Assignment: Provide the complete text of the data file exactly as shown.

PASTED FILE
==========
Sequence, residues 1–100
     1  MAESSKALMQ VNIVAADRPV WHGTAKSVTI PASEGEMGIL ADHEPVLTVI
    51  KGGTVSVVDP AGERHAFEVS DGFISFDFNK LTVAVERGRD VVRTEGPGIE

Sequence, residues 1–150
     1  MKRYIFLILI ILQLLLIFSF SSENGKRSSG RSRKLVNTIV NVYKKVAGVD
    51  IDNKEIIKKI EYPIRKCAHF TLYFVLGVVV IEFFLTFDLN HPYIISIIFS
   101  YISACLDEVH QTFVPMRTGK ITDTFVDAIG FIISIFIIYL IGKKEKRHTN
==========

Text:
Sequence, residues 1–100
     1  MAESSKALMQ VNIVAADRPV WHGTAKSVTI PASEGEMGIL ADHEPVLTVI
    51  KGGTVSVVDP AGERHAFEVS DGFISFDFNK LTVAVERGRD VVRTEGPGIE

Sequence, residues 1–150
     1  MKRYIFLILI ILQLLLIFSF SSENGKRSSG RSRKLVNTIV NVYKKVAGVD
    51  IDNKEIIKKI EYPIRKCAHF TLYFVLGVVV IEFFLTFDLN HPYIISIIFS
   101  YISACLDEVH QTFVPMRTGK ITDTFVDAIG FIISIFIIYL IGKKEKRHTN